CFS ALERT, NUNAVUT — “Picture a curling rock on a skating rink.”
Capt. Mike Strosack picks an aptly Canadian analogy to describe the challenge of landing all 220,445 kg of his CC-177 Globemaster III, a massive four-engine military transport, on the ice and snow-packed runway in Alert, an isolated outpost at the tip of Ellesmere Island.
At 240 km/h, no less.
On this day, Strosack is the aircraft commander of Canadian Forces Flight 85, a weekly resupply flight that hauls personnel and gear between the air base in Trenton, Ont., and Alert, the most northern inhabited place in the world.
In the jet’s cavernous hold, passengers sit on seats along the side of the fuselage. Pallets of cargo take up the space in the middle, including skids of bottled water, construction supplies, two containers of de-icing fluid to support the flying operations, a container laden with fresh goods and a few mail bags, all of it held in place by a webbing of tightly secured tie-down straps.
There’s also the curious sight of a blue minibus, which was damaged in an accident at Alert several months ago and is now being returned following repairs.
It’s early afternoon when the jet sets up for its approach to Alert but it might as well be midnight thanks to the Arctic winter, which means 24 hours of darkness.
The white runway lights outline the 1,676-metre-long landing strip. It looks impossibly short for Strosack’s big bird. He will make an assault-style landing, aiming to touch down in a 150-metre zone at the start of the runway to ensure he’s got enough room to stop.
“You run all calculations on the computer so the computer guarantees that if you land in that 500-foot window, you’ll stop in that (distance) available,” Strosack says.
“So as long as the math says it will work, then you’ve just got to hang on for the ride,” he said.
Touchdown. Engines are pulled into full reverse thrust, brakes on and the jet slows sharply. Strosack and fellow pilot, Capt. Jason Fawcett make easy work of it.
Indeed, for this flight, the landing was the easy part. Getting here was the challenge, a four-day ordeal marked by bad weather and technical woes.
Icing conditions had scrubbed Tuesday’s scheduled departure from CFB Trenton. On Wednesday, more weather concerns forced an overnight stopover at the U.S. air force base in Thule, on Greenland’s northern coast.
On Thursday morning, the sight of air force technicians opening panels and poking flashlights into the recesses of the right wing of the military jet suggested another change of plans.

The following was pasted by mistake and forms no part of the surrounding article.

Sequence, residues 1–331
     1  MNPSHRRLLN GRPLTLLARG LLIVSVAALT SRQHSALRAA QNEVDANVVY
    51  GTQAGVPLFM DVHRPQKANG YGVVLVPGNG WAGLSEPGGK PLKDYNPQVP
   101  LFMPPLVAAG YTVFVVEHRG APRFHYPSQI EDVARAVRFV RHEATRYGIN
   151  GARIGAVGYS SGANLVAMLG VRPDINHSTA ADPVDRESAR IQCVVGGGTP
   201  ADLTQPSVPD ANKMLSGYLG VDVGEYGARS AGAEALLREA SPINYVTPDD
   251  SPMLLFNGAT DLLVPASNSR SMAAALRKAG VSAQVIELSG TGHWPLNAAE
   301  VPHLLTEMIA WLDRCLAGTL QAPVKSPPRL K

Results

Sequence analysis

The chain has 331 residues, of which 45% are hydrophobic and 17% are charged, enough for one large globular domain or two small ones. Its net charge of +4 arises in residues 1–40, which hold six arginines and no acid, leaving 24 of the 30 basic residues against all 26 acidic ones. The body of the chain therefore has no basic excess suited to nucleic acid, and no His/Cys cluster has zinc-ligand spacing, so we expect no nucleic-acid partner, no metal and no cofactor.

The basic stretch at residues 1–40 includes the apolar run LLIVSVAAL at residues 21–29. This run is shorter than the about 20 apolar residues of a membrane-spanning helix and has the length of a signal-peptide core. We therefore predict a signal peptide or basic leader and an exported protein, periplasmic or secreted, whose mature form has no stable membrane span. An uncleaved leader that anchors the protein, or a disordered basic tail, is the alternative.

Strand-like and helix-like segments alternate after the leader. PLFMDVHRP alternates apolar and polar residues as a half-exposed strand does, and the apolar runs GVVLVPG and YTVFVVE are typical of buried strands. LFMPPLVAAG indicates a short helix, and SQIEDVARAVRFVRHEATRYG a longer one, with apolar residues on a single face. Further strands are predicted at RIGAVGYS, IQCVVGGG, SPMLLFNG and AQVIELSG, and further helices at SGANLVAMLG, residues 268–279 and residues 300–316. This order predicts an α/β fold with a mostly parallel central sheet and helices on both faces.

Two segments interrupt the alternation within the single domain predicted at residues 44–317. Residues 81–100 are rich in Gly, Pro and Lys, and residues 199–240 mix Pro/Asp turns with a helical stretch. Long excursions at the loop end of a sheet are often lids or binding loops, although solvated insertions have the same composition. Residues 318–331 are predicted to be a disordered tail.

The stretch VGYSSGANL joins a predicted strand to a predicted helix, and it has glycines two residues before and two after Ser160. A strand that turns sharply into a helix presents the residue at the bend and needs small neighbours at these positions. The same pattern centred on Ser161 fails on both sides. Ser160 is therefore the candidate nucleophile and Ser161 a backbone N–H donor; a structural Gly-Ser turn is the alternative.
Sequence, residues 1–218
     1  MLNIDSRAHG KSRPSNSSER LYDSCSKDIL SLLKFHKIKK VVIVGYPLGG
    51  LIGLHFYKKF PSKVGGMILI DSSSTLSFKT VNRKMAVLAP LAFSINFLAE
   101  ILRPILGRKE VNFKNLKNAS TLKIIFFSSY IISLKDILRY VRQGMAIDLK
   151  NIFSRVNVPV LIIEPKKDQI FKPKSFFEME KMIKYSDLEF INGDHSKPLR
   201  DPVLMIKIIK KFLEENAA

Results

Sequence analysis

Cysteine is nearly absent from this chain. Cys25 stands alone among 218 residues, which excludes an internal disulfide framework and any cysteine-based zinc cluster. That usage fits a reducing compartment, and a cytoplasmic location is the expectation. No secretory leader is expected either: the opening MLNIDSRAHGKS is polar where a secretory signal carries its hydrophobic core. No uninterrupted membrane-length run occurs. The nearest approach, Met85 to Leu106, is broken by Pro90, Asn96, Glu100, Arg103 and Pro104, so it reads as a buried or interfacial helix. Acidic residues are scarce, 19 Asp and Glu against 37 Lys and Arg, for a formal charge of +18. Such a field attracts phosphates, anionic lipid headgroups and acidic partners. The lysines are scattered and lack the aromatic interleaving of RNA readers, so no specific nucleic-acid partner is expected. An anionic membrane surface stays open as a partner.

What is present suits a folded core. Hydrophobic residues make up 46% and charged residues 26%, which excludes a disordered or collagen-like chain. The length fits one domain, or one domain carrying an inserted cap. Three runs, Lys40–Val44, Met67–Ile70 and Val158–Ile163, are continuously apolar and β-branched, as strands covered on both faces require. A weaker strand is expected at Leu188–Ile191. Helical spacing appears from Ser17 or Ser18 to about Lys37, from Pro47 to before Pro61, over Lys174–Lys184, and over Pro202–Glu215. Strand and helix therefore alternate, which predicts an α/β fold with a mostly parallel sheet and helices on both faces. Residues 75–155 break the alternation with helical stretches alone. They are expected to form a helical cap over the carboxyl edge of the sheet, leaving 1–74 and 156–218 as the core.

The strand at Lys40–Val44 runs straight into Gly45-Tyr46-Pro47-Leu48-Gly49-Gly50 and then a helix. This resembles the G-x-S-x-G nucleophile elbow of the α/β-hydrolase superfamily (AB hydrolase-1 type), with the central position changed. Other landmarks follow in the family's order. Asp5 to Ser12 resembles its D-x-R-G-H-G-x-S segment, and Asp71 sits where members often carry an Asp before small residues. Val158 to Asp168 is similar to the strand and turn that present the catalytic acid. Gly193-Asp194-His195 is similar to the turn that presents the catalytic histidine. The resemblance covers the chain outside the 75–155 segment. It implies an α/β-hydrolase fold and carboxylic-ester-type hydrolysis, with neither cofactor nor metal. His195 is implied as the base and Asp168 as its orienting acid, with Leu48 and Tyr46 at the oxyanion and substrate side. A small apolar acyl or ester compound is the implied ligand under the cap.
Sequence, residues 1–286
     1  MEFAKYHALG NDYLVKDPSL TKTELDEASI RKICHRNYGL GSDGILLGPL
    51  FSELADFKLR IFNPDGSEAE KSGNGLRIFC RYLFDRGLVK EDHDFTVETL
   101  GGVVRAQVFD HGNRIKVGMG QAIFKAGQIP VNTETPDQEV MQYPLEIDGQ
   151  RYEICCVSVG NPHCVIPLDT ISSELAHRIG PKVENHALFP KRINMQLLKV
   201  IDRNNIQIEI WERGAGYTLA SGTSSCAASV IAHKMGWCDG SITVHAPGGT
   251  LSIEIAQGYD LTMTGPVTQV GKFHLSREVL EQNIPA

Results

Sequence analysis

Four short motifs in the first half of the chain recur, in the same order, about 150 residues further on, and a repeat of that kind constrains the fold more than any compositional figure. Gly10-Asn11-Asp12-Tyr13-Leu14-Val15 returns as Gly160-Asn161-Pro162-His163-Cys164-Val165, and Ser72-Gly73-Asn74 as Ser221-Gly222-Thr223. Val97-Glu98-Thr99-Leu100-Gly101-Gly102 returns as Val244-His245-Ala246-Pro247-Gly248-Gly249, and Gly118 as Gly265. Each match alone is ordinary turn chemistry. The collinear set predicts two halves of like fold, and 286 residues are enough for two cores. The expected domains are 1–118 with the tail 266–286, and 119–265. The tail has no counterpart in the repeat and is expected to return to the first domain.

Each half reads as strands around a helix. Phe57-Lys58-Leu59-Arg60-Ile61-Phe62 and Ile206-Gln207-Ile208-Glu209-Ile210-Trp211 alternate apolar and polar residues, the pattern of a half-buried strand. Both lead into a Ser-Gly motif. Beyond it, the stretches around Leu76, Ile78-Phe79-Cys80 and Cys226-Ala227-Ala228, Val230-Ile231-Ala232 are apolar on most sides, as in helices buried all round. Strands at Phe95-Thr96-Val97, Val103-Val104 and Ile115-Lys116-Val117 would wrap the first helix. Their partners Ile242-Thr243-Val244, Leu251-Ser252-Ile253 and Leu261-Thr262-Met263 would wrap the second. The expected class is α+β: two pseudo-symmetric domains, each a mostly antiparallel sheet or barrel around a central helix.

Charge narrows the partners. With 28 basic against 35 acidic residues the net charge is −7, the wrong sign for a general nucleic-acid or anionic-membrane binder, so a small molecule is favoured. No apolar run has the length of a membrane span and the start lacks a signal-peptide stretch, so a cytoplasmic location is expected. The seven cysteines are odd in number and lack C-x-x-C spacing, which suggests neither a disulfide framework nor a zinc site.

The frustrating delays drove home the logistical challenges of supporting the Canadian presence in Alert.
“This is the reality of working in the North. Things happen. You just have to roll with it,” said Lt.-Col. Cathy Blue, the logistics and engineering officer at 8 Wing Trenton, who also oversees the support of operations at Alert.
The crews at 8 Wing Trenton are responsible for the air bridge that keeps CFS Alert stocked with food and other essentials. In addition to the weekly resupply flights, there are two big flying operations each year, known as Operation Boxtop, to shuttle dry goods and fuel from a stockpile in Thule to stock the station for the winter months.
It can be dangerous, unforgiving flying and memorials near the runway in Alert pay testament to the risks.
In 1991, a Hercules transport crashed into a hillside during its approach. Survivors huddled in the shattered fuselage for 36 hours in minus-23C weather awaiting rescue. Five died in the accident and there were 13 survivors. In 1950, a Lancaster aircraft crashed during a resupply flight, killing all nine crew and passengers.
On Friday, the fuel problem is fixed and the Globemaster is ready to fly. But after flying for more than an hour, the predicted good weather at Alert has turned sour, making it impossible to land. So it’s back to Thule to wait for better weather.
“The challenge in the North . . . it just changes so rapidly,” Strosack says.
After lunch, the crews make another attempt to get to Alert and this time succeed — four days later than planned. It’s a quick turnaround. Cargo is unloaded, personnel disembark, replaced by new passengers headed south, all eager to see loved ones — and the sun.
Alert is alone and isolated once again.